A model-based exploration of farm-household livelihood and nutrition indicators to guide nutrition-sensitive agriculture interventions

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Assessing progress towards healthier people, farms and landscapes through nutrition-sensitive agriculture (NSA) requires transdisciplinary methods with robust models and metrics. Farm-household models could facilitate disentangling the complex agriculture-nutrition nexus, by jointly assessing performance indicators on different farm system components such as farm productivity, farm environmental performance, household nutrition, and livelihoods. We, therefore, applied a farm-household model, FarmDESIGN, expanded to more comprehensively capture household nutrition and production diversity, diet diversity, and nutrient adequacy metrics.

We estimated the potential contribution of an NSA intervention targeting the diversification of home gardens, aimed at reducing nutritional gaps and improving livelihoods in rural Vietnam. We addressed three central questions: (1) Do ‘Selected Crops’ (i.e. crops identified in a participatory process) in the intervention contribute to satisfying household dietary requirements?; (2) Does the adoption of Selected Crops contribute to improving household livelihoods (i.e. does it increase leisure time for non-earning activities as well as the dispensable budget)?; and (3) Do the proposed nutritionrelated metrics estimate the contribution of home-garden diversification towards satisfying household dietary requirements?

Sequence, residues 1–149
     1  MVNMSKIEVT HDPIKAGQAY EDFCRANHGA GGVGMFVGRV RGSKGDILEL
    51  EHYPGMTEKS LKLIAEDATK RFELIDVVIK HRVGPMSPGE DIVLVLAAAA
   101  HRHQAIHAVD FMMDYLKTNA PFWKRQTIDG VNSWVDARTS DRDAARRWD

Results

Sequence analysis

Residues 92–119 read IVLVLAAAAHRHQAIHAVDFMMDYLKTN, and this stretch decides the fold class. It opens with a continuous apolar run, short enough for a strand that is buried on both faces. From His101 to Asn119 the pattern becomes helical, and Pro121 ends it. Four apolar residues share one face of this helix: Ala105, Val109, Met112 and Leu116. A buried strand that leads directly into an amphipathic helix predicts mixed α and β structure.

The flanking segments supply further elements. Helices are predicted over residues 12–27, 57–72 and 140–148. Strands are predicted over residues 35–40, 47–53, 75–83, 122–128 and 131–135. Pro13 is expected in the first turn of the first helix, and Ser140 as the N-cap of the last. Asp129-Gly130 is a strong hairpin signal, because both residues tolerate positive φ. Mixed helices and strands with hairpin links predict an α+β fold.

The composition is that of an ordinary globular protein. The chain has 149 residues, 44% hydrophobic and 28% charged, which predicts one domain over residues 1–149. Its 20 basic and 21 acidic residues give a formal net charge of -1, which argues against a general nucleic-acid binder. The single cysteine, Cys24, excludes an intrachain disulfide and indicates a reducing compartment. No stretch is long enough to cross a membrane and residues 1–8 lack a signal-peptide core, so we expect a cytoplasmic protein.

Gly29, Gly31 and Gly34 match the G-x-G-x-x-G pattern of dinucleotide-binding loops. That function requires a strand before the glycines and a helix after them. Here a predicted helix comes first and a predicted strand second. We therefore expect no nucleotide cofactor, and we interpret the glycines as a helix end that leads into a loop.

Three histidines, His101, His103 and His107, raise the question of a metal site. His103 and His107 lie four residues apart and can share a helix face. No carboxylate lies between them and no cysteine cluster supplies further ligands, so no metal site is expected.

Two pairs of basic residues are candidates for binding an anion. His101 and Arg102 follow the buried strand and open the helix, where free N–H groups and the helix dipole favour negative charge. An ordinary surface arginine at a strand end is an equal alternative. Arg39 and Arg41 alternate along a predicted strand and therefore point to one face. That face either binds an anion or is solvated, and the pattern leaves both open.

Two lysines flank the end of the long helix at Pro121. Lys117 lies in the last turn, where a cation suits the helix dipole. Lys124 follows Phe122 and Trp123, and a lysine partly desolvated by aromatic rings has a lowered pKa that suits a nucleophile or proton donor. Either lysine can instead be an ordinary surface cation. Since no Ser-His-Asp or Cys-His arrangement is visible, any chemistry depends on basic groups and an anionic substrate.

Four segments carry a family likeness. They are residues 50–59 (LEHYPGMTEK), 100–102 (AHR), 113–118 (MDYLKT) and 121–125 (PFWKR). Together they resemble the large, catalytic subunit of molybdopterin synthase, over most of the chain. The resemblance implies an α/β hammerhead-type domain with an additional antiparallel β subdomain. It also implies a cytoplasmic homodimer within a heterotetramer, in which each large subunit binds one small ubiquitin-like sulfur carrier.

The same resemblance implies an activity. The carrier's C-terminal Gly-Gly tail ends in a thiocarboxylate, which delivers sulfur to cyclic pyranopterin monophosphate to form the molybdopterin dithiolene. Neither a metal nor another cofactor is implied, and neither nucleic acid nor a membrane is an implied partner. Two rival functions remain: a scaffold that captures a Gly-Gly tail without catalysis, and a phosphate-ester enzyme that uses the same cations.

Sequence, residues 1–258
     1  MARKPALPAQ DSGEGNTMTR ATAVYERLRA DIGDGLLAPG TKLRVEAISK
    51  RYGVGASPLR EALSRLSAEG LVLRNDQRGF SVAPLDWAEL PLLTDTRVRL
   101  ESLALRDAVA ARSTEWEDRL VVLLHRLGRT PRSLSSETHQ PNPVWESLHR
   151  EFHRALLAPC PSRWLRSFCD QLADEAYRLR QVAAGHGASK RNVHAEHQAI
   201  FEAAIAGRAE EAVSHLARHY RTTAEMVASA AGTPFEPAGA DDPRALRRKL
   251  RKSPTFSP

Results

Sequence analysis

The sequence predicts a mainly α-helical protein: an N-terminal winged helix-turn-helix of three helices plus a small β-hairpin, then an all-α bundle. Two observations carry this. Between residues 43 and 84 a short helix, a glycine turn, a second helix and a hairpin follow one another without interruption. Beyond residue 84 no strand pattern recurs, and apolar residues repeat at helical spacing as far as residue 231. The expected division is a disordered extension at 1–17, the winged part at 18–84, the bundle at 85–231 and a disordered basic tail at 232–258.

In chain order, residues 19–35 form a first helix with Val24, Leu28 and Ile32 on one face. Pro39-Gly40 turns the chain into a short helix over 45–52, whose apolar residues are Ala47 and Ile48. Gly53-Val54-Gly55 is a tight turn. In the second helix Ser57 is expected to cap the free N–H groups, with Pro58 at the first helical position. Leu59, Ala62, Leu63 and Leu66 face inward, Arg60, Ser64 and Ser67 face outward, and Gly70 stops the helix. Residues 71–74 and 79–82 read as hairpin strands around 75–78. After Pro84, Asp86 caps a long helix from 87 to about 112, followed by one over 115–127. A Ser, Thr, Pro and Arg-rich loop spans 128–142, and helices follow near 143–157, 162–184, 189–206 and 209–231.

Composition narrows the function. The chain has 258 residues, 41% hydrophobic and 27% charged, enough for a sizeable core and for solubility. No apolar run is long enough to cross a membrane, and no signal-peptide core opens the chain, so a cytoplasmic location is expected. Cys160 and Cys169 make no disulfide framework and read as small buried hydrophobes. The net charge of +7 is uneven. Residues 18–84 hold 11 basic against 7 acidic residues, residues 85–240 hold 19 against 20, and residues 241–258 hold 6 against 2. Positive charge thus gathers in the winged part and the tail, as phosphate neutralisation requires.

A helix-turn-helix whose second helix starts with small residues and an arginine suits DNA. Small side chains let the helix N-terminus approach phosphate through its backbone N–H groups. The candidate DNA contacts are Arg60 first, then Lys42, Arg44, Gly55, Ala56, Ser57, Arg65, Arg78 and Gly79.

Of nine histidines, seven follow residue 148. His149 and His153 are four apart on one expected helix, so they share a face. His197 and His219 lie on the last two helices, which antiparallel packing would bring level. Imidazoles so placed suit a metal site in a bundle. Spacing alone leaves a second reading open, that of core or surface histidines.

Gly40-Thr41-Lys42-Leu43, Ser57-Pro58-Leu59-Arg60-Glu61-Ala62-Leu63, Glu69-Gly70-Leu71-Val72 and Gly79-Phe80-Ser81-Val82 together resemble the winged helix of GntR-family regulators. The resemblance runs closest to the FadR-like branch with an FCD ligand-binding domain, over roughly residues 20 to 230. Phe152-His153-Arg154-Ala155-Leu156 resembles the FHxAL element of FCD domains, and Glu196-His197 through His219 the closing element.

Results indicate trade-offs between nutrition and dispensable budget, with limited farm-household configurations leading to jointly improved nutrition and livelihoods. FarmDESIGN facilitated testing the robustness and limitations of commonly used metrics to monitor progress towards NSA. Results indicate that most of the production diversity metrics performed poorly at predicting desirable nutritional outcomes in this modelling study. This study demonstrates that farm-household models can facilitate anticipating the effect (positive or negative) of agricultural interventions on nutrition and the environment, identifying complementary interventions for significant and positive results and helping to foresee the trade-offs that farm-households could face. Furthermore,

FarmDESIGN could contribute to identifying agreed-upon and robust metrics for measuring nutritional outcomes at the farm-household level, to allow comparability between contexts and NSA interventions.

Natalia Estrada-Carmona, Jessica E. Raneri, Stephanie Alvarez, Carl Timler, Shantonu Abe Chatterjee, Lenora Ditzler, Gina Kennedy, Roseline Remans, Inge Brouwer, Karin Borgonjen-van den Berg, Elise F. Talsma & Jeroen C. J. Groot.

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